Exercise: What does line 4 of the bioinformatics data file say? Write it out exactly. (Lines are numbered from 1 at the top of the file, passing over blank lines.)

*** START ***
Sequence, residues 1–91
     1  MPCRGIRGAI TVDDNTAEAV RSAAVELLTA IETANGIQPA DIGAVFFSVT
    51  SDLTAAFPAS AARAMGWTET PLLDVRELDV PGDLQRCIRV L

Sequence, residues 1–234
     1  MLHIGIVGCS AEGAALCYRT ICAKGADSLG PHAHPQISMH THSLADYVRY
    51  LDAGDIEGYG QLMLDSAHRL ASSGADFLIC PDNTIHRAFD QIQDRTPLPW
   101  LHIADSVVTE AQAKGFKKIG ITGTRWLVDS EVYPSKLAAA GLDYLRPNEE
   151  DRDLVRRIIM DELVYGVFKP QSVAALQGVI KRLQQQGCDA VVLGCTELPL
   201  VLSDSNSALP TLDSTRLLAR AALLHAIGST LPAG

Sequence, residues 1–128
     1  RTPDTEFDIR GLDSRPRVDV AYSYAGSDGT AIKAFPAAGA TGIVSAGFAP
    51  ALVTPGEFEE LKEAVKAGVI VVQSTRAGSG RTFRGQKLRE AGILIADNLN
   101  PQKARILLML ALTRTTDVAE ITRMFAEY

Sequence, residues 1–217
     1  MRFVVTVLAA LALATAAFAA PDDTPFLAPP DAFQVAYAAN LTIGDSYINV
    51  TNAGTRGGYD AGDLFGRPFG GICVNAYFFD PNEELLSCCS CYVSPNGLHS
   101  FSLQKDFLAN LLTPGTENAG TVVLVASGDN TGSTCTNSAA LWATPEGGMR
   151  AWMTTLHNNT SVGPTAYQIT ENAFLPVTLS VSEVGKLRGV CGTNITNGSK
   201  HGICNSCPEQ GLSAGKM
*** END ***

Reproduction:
Sequence, residues 1–234